Some funky findings using the MX Master 3 on Linux

Greetings fellow humans, human fellas.

I just wanted to take the time to share my experience with the new mouse. For office work, there is little on the market that competes with this mouse in terms of comfort, quality, features, etc. If you can shell out the rather expensive price, 120USD at the time I purchased, then this will be the best most you can buy. Don’t buy it for gaming though. The sensor is not fast enough to keep up.

Enough about the mouse itself. Here’s my experience with using it for a couple of weeks.

This mouse can connect up to 3 devices at the same time, and you can switch between them using the button on the bottom. 1 connects to the USB receiver, 2 and 3 connect via Bluetooth.

Using the receiver for my desktop(EndeavourOS) it connected immediately with no issues at all. However, some features were missing compares to Windows or Mac, specifically the copy flow feature. The receiver had no issues connecting and disconnecting between restarts or logins. Note that the mouse seems to not work when you are on the login screen(GDM). I am unsure if this is normal or if this is a bug with GDM.

Bluetooth options worked well as well. Though, on Arch, it took around 7 seconds for the machine to recognize the mouse. On Fedora, this issue does not seem to happen.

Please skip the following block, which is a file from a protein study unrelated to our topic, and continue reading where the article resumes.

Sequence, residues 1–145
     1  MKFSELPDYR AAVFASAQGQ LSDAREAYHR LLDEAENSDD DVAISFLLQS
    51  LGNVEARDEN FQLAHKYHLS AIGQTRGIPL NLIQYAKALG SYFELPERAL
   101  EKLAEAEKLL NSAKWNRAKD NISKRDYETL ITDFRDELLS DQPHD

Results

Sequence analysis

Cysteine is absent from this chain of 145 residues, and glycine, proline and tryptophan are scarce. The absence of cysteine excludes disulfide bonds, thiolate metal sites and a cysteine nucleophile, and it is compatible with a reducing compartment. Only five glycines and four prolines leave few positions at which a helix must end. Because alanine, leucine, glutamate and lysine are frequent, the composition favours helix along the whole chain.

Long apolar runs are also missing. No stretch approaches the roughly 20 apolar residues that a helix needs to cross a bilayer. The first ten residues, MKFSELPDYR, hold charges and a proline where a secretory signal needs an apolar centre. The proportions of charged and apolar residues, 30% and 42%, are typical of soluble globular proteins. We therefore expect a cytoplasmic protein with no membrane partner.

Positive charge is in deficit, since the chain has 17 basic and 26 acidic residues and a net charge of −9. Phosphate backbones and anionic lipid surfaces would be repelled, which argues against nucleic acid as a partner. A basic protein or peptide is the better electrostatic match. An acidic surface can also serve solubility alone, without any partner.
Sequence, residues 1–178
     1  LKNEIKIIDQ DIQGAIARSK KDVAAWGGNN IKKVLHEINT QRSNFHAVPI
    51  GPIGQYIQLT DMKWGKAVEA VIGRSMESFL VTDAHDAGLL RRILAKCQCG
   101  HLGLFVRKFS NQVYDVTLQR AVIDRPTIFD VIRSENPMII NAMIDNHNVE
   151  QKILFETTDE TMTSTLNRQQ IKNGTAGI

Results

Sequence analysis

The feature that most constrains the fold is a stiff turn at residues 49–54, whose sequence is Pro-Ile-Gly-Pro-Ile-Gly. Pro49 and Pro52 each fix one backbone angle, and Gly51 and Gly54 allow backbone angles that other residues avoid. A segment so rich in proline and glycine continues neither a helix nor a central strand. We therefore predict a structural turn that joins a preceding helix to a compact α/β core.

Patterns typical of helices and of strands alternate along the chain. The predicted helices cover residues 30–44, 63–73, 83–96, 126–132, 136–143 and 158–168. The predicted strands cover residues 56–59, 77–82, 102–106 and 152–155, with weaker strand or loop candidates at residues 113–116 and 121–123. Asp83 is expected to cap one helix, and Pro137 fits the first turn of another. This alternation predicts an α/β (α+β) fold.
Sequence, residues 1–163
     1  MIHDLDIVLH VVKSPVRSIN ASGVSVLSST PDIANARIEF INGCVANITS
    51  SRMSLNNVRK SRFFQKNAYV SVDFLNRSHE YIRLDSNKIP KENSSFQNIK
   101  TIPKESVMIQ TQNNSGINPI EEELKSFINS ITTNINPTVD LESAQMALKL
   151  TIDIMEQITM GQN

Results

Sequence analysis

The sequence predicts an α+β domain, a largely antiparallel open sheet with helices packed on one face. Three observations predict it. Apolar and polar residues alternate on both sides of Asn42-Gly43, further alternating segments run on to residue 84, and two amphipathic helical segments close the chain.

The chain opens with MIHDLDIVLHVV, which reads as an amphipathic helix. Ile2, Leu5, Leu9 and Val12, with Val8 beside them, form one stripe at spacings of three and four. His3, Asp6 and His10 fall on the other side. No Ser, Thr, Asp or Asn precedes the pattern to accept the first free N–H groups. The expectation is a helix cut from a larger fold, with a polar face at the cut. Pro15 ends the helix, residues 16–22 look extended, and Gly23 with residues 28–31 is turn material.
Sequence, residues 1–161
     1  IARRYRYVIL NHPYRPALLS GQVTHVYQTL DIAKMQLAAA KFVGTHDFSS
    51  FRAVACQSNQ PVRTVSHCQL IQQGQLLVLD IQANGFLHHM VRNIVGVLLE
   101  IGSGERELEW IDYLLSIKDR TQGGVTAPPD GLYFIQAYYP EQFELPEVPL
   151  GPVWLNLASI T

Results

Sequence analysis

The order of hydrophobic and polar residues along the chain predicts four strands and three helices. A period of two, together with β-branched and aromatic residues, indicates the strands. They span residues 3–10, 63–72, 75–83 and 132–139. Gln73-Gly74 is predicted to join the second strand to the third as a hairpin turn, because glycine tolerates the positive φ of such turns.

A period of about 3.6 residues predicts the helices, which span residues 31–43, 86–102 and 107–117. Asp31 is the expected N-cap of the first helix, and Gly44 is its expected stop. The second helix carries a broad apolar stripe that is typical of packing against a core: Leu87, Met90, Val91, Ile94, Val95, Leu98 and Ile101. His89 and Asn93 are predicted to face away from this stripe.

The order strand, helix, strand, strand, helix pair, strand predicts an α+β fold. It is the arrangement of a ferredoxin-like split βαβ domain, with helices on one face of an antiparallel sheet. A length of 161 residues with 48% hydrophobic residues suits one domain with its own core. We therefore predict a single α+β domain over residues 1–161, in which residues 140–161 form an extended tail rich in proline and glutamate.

However, there is one issue I’ve noticed in the Bluetooth modes. Weirdly, when I restart the system or come back from suspension, the mouse often has connection issues. Sometimes it works well, sometimes it refuses to work entirely despite Gnome settings reporting that the mouse is connected. Removing the device from Gnome settings and re-pairing fixed the issue. This issue only seems to happen on my Lenovo laptop with EndeavourOS. My LG Gram with Fedora does not have this issue so this might be an issue with this specific laptop.

For configuring mouse settings(DPI, polling rate, etc), Solaar seems to work best. I’ve tried both Piper and solar. On EndeavourOS, Piper had this weird issue where the settings would reset themselves. Re-booting the system seems to rectify this issue. This again only happened on my Lenovo laptop, not on the desktop or Fedora LG gram so it might be an issue with the Laptop itself.

Solaar on the other hand worked with flying colors out of the box. While you aren’t able to create custom keybindings as piper does, Solaar provides other tweaks that make it more useful than piper. You can change the scroll wheel sensitivity, direction, rachet sensitivity, etc. These settings seem to stick with the mouse regardless of what machine I use so that’s a plus. Though, On Fedora, Solaar did not appear on Gnome-Software despite being included in the stock repos. Apps not showing in the app store GUI is a common issue I seem to be having.

Overall, despite some of the weird issues on EndeavourOS, I really like using this mouse and I recommend any office worker to use it as well. It will serve you well for the next 4 to 5 years to come before Logitech releases the next version of this mouse.

I hope you all have a pleasant day.

Waddle on!

Which version of Solaar were you using? The latest (1.0.5) does have the custom keybindings feature if I remember correctly.

As for your Bluetooth issues, they would need some diagnosis.

Yes. Solaar I used does have some rebinding capability,. thought they wer nt as robust as those found on Piper.

The bluetooth isues wre stricktly only seen on Arch so no issues there.

I had never heard of Solaar before, I have been able to configure the DPI to make the mouse faster, this is great, thanks.